Best Practice

What works best? A critical approach to evidence-based practice in schools

Evidence-based practice is widespread in our schools and classrooms, but it does not go without its critics. Andrew Jones looks at the pros and cons of different approaches to educational research
Image: Adobe Stock -

Over the past 25 years, there has been a growing debate about the nature and quality of educational research and its relationship to practice and policy. This debate was sparked by a lecture given by the sociologist David Hargreaves for the Teacher Training Agency in 1996, in which he questioned whether teaching could be regarded as a research-based profession.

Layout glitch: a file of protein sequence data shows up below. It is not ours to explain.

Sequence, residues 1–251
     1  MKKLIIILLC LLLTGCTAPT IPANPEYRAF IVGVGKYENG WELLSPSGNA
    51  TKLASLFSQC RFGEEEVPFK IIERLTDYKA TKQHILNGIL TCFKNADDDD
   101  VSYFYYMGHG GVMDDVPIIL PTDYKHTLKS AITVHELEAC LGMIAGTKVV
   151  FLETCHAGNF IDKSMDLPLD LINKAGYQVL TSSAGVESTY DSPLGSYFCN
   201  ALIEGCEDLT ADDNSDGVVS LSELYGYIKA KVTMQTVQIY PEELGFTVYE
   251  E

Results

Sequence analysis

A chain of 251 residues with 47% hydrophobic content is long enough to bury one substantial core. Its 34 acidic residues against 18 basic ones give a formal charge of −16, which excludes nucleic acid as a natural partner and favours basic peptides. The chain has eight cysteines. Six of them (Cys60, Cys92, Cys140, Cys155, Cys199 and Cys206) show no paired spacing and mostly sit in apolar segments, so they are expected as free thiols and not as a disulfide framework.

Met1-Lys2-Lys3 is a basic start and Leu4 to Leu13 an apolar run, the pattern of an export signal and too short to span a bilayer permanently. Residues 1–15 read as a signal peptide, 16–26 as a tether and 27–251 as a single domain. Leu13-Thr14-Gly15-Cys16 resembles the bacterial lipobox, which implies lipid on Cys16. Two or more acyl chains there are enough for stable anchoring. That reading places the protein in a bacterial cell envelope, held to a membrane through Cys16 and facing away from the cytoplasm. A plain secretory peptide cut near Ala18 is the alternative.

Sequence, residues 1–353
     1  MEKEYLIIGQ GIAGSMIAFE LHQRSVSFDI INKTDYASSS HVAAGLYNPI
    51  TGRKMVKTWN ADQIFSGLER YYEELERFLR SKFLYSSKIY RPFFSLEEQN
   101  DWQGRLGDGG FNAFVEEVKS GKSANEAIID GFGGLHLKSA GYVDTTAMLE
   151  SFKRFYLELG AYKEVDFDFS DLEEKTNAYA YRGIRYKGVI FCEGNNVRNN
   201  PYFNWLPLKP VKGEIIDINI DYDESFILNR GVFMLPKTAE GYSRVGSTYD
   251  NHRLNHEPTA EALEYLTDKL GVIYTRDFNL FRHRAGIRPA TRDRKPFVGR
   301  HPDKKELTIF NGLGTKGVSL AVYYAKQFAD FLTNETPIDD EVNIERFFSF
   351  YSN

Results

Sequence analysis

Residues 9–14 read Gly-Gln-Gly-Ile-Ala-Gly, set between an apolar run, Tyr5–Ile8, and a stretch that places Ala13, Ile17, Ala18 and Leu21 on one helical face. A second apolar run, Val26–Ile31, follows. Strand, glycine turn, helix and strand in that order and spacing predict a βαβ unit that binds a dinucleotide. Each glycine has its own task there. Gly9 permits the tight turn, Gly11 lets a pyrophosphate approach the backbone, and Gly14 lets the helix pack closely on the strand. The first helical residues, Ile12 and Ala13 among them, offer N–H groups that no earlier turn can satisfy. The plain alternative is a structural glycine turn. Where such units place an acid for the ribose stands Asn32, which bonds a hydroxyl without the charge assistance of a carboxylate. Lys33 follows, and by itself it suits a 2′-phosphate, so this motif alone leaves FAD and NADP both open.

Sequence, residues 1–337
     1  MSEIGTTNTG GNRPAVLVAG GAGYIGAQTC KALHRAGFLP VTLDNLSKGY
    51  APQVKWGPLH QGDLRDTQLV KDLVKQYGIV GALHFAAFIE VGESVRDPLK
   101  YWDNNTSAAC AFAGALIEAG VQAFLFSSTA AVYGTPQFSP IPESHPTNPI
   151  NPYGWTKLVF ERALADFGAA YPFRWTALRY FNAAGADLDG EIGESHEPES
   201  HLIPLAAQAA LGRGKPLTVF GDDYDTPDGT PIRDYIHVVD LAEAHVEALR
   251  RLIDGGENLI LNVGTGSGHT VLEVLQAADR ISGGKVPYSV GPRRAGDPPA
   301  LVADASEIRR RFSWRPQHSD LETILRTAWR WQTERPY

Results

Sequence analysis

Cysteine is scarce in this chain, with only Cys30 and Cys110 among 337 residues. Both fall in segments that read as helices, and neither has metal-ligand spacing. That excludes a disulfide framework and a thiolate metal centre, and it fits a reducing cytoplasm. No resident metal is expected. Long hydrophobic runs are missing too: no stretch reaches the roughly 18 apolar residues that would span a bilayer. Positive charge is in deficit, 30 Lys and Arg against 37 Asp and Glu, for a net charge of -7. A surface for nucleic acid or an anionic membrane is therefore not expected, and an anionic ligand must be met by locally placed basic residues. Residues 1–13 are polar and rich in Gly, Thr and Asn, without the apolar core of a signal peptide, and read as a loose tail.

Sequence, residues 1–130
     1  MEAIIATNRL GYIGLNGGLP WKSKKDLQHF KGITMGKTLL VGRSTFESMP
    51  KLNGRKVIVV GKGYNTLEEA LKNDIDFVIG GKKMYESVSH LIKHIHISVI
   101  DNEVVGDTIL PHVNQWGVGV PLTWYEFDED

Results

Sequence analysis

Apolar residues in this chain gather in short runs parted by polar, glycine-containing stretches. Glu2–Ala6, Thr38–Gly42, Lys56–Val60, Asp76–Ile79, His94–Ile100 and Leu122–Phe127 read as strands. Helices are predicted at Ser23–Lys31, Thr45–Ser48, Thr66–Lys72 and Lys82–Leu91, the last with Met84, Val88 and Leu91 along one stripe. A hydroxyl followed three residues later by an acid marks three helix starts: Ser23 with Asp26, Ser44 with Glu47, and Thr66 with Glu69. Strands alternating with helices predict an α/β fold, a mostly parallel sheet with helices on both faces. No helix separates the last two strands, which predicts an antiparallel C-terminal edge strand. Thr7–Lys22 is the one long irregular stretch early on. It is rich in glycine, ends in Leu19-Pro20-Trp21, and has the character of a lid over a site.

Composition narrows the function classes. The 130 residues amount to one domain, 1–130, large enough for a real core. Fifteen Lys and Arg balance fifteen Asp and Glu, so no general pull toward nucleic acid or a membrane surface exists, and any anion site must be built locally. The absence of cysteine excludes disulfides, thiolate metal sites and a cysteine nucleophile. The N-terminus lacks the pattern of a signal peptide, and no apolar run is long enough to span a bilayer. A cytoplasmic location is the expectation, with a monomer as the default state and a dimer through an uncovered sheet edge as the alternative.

Entitled Teaching as a research-based profession: Possibilities and prospects, Prof Hargreaves argued that the outcomes of educational research had up until that point been disappointing, calling them: “A private, esoteric activity, seen as irrelevant by most practitioners.”

He added that they offered “poor value for money” and pointed out that there were few areas of educational research that were scientifically sound and useful to teachers.

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